Thursday, October 07, 2010
Still the world's richest banana republic
Item 1. Justice Minister Dermot Ahern has confirmed to the Dáil that a garda file on an alleged criminal gang, which was being prepared for presentation to the Director of Public Prosecutions, was brought to a photocopying shop for printing. Dermot Ahern said the file was left unattended for a period of time, during which time a member of staff at the shop communicated with a third party without the consent of An Garda Síochána.
Item 2. The Department of Health and the Health Service Executive have said they cannot complete investigations into controversial spending on foreign travel associated with the SKILL training fund, because the relevant documentation is with SIPTU [trade union] ...However, the union said it had nothing to do with the account and believes it has no liability in respect of money under investigation
Item 3. Tánaiste Mary Coughlan has said the Department of Enterprise has not yet decided whether or not the so-called 'leave and return' scheme introduced at Aer Lingus two years ago qualifies as redundancy. ... Under the 'leave and return' scheme, 715 staff who left the airline with generous redundancy packages were re-employed within weeks on lower terms and conditions. Both Aer Lingus and SIPTU [ed note: same union as above] have insisted the redundancies were genuine. The unprecedented redundancy deal had huge implications for the taxpayer If it qualified as a genuine redundancy, the airline was entitled to a State rebate for part of its redundancy costs, which was potentially worth millions. Staff would also get favourable tax treatment of the package called 'top slicing'.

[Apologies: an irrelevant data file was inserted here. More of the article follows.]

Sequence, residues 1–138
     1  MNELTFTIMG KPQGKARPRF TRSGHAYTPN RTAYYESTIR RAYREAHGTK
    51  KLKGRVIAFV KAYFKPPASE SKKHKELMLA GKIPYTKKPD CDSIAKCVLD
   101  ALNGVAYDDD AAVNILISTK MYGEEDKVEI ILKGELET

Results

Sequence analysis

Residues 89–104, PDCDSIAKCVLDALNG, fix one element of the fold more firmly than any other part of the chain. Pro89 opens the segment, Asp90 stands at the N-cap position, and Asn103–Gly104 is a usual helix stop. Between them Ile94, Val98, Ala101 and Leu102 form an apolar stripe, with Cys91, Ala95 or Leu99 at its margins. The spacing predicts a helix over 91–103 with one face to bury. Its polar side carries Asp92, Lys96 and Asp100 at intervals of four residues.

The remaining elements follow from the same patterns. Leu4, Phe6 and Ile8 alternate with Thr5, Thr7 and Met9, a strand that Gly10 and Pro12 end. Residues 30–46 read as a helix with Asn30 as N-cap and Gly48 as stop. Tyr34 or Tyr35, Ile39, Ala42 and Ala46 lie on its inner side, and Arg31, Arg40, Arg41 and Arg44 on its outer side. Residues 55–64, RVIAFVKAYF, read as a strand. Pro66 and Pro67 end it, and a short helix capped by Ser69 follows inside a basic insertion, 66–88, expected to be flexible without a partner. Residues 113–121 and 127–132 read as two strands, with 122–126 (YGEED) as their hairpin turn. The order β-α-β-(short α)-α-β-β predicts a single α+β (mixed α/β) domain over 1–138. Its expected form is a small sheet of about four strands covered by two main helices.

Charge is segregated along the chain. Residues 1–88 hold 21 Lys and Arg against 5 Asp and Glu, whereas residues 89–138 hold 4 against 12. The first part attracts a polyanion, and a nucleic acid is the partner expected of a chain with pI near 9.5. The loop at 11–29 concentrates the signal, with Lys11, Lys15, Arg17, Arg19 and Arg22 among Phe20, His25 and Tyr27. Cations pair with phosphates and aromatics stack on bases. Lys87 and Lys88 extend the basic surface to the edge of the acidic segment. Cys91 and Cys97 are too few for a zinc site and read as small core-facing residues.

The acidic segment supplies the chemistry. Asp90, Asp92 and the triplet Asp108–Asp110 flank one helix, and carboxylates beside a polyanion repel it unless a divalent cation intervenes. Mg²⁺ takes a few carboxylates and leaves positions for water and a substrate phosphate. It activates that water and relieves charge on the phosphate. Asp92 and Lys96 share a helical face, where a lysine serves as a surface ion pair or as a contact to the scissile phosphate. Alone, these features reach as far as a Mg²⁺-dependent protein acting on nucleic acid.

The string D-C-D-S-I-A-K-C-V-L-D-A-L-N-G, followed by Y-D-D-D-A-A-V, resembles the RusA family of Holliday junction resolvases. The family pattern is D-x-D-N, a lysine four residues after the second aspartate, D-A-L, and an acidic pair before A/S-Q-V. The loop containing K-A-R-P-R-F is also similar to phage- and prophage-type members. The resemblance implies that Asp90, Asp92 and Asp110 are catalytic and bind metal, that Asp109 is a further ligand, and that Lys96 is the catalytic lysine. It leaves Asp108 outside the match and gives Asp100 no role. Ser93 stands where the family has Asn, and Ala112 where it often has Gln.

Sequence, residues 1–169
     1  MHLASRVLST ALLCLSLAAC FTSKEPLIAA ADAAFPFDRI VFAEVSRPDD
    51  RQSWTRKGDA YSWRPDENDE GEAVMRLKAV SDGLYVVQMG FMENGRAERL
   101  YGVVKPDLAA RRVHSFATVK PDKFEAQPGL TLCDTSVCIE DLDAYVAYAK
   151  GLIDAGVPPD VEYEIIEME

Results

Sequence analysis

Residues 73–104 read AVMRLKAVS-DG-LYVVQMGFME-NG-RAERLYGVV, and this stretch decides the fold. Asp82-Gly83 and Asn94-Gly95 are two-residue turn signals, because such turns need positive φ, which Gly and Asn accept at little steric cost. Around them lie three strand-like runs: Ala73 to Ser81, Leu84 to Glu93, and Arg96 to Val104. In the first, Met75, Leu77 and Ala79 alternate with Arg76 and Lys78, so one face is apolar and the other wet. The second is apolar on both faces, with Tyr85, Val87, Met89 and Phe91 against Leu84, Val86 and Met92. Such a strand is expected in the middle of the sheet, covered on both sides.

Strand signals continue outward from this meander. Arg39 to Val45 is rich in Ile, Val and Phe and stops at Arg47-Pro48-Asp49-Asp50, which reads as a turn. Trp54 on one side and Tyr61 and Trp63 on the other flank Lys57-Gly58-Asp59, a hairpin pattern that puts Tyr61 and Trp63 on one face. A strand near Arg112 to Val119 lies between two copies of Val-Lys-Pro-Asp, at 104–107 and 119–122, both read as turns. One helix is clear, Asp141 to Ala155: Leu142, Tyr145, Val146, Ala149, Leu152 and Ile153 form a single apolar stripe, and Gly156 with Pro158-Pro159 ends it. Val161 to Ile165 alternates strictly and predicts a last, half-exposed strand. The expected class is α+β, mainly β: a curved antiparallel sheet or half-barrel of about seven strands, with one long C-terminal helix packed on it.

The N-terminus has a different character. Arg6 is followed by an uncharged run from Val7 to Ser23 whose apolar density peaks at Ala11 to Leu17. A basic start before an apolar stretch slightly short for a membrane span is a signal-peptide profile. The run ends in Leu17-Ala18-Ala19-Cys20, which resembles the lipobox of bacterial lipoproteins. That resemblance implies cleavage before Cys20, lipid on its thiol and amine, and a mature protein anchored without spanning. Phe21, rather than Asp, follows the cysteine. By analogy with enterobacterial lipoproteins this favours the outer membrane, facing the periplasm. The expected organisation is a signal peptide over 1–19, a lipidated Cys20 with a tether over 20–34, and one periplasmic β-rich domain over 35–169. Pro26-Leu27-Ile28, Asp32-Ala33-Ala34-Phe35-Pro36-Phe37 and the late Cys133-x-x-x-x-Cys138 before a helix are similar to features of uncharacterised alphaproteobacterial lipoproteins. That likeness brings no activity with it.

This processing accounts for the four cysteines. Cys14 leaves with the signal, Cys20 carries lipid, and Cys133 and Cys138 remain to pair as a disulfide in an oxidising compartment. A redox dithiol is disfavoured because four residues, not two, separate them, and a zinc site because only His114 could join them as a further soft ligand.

Item 4. Former European Commission [and Irish finance minister] Charlie McCreevy has resigned from the board of London-based NBNK Investments. Earlier this week, a spokesman for the European Commission confirmed that the Commission's ethical committee was examining Mr McCreevy's appointment as a director of the company.
Item 5. Meanwhile, Minister for Justice Dermot Ahern has told the Dáil that the investigation into Anglo Irish Bank will be the most complex in the history of the State. Mr Ahern said the DPP has retained two senior counsel and one junior counsel to advise the investigators. 27 gardaí and 16 officers of the Office of the Director of Corporate Enforcement are involved.
And that's just one day.
Our original banana republic post.
Photo: Andrei Niemimäki, Turku, Finland.